In the high-profile bankruptcy case of Energy Future Holdings Corp. (“EFH”) a Delaware bankruptcy court recently called into question reliance on structural subordination as a way to protect a borrower’s assets from satisfying claims against an affiliated company. In the EFH bankruptcy case, holders of unsecured PIK notes issued by EFH subsidiary Energy Future Intermediate Holdings Company LLC (“EFIH”) sought to collect post-petition interest at the rate stated in the notes issued by EFIH. The Court denied the noteholders’ request for post-petition interest at the contract rate, instead ordering post-petition interest payable at the federal judgment rate – a rate significantly less than the contract rate.1
Fixed income investors and analysts know there are two ways to accomplish subordination. One is structural and the other is contractual. Structural subordination results from the independent legal relationship between a parent and its subsidiary. On account of structural subordination, a parent company’s creditors will not have access to the assets of the parent’s subsidiary to satisfy their claims until all creditors of the subsidiary are paid in full. The net result is that creditors of a subsidiary will be repaid in full prior to the distribution of the subsidiary’s assets to the parent in order to satisfy creditors of the parent. A benefit of structural subordination is that it is selfeffectuating, relying solely on courts to respect the formal relationship between the parent and the subsidiary. Contractual subordination is, as the name suggests, imposed by contract and is less efficient because parties must negotiate a subordination agreement and rely on courts to properly enforce the agreement – often after significant litigation.
In the EFH bankruptcy case, the noteholders made two arguments for the contract rate of interest to apply. The first was that the Court should apply the contract rate as “the legal rate” of interest mandated by the Bankruptcy Code to be paid to unsecured creditors of solvent debtors. The second was that EFIH’s proposed reorganization plan was not fair and equitable in regard to EFIH PIK noteholders because it denied them full repayment of the contract rate of interest while at the same time providing for a distribution to EFIH’s parent company so that it could satisfy EFH “enterprise” creditor claims. To hold otherwise, noteholders argued, would allow EFIH to use bankruptcy to avoid making interest payments to EFIH creditors merely to benefit creditors of its parent. In short, the noteholders asked the Court to respect the structural subordination of EFH’s creditors that they had relied on when underwriting the EFIH notes.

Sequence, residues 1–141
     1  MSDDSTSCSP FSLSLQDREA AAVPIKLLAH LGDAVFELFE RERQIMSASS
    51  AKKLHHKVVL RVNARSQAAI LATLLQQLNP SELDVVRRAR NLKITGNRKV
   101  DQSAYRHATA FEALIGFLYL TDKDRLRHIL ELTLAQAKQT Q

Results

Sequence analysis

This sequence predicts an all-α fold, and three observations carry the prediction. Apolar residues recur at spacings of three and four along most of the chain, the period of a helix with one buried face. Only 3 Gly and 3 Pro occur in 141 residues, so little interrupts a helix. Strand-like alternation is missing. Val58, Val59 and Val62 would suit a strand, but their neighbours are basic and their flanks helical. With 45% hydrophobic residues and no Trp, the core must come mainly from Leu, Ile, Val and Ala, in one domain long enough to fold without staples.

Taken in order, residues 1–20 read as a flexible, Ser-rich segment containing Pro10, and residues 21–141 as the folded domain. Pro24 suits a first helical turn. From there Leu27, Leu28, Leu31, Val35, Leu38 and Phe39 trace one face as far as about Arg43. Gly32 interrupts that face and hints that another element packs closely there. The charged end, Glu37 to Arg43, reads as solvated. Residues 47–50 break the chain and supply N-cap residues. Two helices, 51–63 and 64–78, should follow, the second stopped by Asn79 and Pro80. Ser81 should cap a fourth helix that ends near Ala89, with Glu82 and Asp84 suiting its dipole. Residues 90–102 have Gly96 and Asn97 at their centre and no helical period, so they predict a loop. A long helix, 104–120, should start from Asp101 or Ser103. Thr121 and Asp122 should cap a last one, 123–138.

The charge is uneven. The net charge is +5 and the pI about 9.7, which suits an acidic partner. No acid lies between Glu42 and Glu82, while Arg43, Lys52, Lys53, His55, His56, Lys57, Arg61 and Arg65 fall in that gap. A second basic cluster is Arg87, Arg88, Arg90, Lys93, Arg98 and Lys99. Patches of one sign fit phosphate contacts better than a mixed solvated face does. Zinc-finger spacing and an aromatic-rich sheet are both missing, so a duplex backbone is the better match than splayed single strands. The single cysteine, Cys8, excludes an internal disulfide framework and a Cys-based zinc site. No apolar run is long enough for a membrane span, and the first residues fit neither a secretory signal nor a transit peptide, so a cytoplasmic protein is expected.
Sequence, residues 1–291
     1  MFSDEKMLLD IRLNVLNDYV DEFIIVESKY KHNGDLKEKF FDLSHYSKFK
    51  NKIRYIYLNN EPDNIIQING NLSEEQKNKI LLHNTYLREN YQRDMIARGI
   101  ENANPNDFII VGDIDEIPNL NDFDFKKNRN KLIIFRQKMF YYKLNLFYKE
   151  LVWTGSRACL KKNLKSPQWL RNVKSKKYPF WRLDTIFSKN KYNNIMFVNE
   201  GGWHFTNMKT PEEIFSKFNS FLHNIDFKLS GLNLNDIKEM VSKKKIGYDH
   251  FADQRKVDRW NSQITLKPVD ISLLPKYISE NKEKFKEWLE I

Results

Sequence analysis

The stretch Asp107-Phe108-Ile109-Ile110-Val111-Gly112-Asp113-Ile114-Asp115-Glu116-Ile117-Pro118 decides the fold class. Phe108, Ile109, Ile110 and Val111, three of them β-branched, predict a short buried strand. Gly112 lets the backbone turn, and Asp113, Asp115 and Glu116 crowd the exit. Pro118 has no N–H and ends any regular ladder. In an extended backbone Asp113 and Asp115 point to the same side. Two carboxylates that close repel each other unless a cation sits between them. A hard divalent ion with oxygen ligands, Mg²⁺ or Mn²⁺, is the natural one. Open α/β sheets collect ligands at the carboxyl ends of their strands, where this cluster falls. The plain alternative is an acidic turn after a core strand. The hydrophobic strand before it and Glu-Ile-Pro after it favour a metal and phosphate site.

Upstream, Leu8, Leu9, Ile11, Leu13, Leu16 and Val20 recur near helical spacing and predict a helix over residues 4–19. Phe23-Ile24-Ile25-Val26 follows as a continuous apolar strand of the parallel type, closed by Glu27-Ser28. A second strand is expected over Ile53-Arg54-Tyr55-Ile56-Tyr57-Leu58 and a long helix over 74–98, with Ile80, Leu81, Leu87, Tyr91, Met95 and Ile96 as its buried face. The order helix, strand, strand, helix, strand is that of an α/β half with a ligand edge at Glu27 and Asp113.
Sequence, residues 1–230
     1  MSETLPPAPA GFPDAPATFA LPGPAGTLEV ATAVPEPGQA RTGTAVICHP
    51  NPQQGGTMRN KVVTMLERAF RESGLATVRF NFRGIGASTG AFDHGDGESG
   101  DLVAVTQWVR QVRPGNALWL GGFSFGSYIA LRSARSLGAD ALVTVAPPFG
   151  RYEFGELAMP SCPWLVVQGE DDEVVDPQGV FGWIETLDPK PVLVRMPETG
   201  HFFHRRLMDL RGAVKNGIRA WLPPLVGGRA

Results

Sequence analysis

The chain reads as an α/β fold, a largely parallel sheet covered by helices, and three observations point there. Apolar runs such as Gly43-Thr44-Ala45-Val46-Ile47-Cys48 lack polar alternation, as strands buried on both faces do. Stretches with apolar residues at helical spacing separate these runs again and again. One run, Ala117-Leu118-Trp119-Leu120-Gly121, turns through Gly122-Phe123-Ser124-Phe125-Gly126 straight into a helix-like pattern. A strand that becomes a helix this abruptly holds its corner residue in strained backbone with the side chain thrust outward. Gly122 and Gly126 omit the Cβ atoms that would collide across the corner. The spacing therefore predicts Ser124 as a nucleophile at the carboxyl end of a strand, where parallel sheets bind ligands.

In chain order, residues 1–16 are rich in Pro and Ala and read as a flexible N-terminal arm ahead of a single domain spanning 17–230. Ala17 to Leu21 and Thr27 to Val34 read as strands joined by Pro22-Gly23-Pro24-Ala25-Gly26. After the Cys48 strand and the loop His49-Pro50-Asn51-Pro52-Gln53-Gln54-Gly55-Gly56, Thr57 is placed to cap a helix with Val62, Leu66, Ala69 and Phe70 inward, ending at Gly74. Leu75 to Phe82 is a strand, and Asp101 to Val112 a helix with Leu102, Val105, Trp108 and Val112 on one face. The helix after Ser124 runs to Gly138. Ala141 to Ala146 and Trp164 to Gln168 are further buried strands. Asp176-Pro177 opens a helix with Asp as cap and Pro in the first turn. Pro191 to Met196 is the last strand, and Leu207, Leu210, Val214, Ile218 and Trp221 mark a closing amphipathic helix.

On the first point, the Court held that the legal rate should be interpreted to mean the federal judgment rate. This part of the Court’s ruling was in accord with prior decisions of other courts, including those in Delaware. On the important second point, the Court held that “to require the payment of post-petition interest [at the contract rate] … would reduce the consideration available to pay other creditors of the enterprise, not the ultimate equity holders.” The Court went on to note that it would be “inequitable” to allow payments of post-petition interest, especially when those payments would reduce payments of principal owed to “lower priority creditors.” But within the existing structural subordination framework, creditors of a subsidiary’s parent are not lower priority creditors of the subsidiary – they are not creditors of the subsidiary at all – and distributing payments from EFIH noteholders to creditors of EFH rather than EFH’s equity holders does not make the result any more equitable. In allowing the scale of “equities” to tip in favor of EFH’s enterprise creditors, the Court dashed the EFIH unsecured noteholders’ well-founded expectation that structural subordination would be respected to protect a “full” recovery.
Bankruptcy courts have considerable “equitable powers,” including the ability to grant adequate protection and relief from the automatic stay and award pre-payment premiums and default interest to secured and unsecured creditors. If in exercising these equitable rights, Bankruptcy Courts refuse to respect the bedrock principals of structural subordination, financing parties may need to employ contractual subordination in circumstances once thought unnecessary. In the EFH case, for example, EFIH unsecured noteholders clearly would have benefited from a standard subordination agreement with EFH unsecured noteholders as such an agreement would not have permitted EFH creditors to receive distributions absent payment in full of the EFIH PIK noteholders’ claims at the contract rate of interest. Unfortunately for market participants, the need for subordination agreements in these circumstances will only serve to increase costs and make capital markets transactions less efficient.2
For the foreseeable future, distressed investors and analysts will no longer have the luxury of assuming structural subordination will protect expected recoveries. Indeed, this recent decision in the EFH bankruptcy will likely incentivize parent company creditors to create equitable arguments to more liberally distribute recoveries to enterprise creditors without strict adherence to the well-established doctrine of structural subordination.